Monday, January 11, 2016


Mindfulness meditation helps people with intellectual disabilities and autism spectrum disorders (ASD) reduce their mental and physical problems. 

That is the thrust of the research findings contained in a recently published eBook entitled A Mindfulness Intervention for Children with Autism Spectrum Disorders: New Directions in Research and Practice.

The book presents emerging research on the effectiveness of mindfulness methods in reducing behavioural problems associated with ASD in children and synthesizes current research and theories on the therapeutic uses of mindfulness, specifically for people living with developmental disabilities.

In addition, the book examines a promising new study in which mothers of children with ASD learn mindfulness techniques for their own use and are then trained to teach the methods to their children. The book concludes with a report of post-study findings and a discussion of practical and methodological issues regarding mindfulness interventions for ASD.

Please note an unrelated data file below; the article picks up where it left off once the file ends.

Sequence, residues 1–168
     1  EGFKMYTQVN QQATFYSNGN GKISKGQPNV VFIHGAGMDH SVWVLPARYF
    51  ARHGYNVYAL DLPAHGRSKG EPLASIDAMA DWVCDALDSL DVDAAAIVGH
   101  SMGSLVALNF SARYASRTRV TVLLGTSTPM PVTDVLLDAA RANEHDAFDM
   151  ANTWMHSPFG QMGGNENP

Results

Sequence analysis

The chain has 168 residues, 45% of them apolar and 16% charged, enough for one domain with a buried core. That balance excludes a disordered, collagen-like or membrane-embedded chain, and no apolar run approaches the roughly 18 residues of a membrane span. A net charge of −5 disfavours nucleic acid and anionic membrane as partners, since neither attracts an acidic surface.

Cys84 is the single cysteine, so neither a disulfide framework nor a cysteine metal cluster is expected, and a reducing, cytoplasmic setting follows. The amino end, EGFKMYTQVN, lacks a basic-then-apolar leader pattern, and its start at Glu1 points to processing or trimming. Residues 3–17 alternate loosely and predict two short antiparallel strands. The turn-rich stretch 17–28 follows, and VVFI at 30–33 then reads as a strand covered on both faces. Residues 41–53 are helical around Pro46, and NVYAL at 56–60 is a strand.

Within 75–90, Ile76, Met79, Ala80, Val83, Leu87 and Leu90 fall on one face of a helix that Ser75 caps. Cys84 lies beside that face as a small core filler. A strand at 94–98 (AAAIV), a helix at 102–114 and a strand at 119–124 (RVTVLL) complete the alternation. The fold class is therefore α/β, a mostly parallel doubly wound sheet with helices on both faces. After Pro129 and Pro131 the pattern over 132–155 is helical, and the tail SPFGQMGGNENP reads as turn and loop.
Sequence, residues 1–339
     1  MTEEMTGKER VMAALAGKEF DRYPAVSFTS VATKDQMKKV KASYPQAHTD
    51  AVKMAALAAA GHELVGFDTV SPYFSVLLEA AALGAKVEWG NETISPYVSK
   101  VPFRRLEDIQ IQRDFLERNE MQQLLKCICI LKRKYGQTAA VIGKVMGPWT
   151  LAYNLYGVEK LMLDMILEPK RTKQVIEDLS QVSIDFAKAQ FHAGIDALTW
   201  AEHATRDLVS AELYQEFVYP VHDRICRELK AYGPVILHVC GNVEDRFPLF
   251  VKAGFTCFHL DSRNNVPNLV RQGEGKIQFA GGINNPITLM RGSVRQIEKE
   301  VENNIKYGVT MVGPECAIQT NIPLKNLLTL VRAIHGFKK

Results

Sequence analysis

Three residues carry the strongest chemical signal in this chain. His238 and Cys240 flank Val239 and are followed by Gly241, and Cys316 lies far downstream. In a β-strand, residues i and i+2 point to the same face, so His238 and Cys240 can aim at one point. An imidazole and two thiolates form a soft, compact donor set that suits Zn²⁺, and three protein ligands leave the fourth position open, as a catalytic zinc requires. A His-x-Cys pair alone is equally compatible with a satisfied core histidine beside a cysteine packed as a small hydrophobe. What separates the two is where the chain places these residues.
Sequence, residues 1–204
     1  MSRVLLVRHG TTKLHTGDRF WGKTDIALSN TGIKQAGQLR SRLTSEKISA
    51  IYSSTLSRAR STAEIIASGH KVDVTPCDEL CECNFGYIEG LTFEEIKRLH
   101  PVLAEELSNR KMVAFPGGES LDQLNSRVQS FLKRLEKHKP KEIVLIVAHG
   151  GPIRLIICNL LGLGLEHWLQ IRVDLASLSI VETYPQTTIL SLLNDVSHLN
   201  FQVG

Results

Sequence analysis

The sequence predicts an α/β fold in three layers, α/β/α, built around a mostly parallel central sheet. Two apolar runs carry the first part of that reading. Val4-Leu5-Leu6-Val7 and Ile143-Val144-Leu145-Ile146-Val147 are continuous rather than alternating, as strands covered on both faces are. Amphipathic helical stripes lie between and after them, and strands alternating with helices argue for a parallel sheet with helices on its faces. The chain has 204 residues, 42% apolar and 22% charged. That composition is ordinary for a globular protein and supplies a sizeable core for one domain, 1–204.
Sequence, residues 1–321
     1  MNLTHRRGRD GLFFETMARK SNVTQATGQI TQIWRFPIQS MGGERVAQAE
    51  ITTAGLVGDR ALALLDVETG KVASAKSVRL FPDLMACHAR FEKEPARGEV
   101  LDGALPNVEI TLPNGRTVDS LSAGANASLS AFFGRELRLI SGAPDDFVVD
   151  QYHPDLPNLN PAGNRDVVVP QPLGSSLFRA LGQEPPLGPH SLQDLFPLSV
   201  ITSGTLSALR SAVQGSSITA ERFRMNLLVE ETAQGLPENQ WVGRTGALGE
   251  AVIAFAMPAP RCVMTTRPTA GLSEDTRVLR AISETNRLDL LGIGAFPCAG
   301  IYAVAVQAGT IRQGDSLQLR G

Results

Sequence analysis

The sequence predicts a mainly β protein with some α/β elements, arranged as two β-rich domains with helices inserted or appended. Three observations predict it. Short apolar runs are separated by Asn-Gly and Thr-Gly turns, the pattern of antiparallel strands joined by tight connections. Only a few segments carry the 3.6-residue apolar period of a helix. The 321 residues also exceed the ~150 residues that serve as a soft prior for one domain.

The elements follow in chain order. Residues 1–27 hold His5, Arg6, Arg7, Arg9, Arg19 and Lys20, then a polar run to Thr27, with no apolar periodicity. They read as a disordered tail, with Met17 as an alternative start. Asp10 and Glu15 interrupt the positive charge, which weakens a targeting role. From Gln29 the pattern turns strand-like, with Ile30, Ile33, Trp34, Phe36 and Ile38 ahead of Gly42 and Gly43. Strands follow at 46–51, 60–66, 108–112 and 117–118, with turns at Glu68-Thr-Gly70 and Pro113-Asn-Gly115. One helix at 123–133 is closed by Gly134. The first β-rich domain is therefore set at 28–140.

In short, mindfulness meditation has been shown to be effective for reducing aggression, both physical and verbal, as well as deviant sexual arousal, for quitting smoking and losing weight in people with ASD conditions, and for alleviating anxiety, depression, and stress-related physiological symptoms. These effects were either assessed against the condition of participants before their mindfulness training or individuals with similar disabilities who did not learn mindfulness.

eBook: Hwang, Yoon-Suk, and Patrick Kearney. A Mindfulness Intervention for Children with Autism Spectrum Disorders: New Directionsin Research and Practice. ISBN 978-3-319-18962-8. Springer. 3 September 2015. 150 pp.

IMPORTANT NOTICE: Please read the Terms of Use and Disclaimer. The information provided on or linked to this blog is not a substitute for professional medical advice, diagnosis or treatment. Never delay or disregard seeking professional medical advice from your medical practitioner or other qualified health provider because of something you have read on this blog or elsewhere. For immediate advice or support call (in Australia) Lifeline on 13 1 1 14 or Kids Helpline on 1800 55 1800. For information, advice and referral on mental illness contact (in Australia) the SANE Helpline on 1800 18 SANE (7263) go online via In other countries call the relevant mental health care emergency hotline or simply dial your emergency assistance telephone number and ask for help.

No comments:

Post a Comment

Note: Only a member of this blog may post a comment.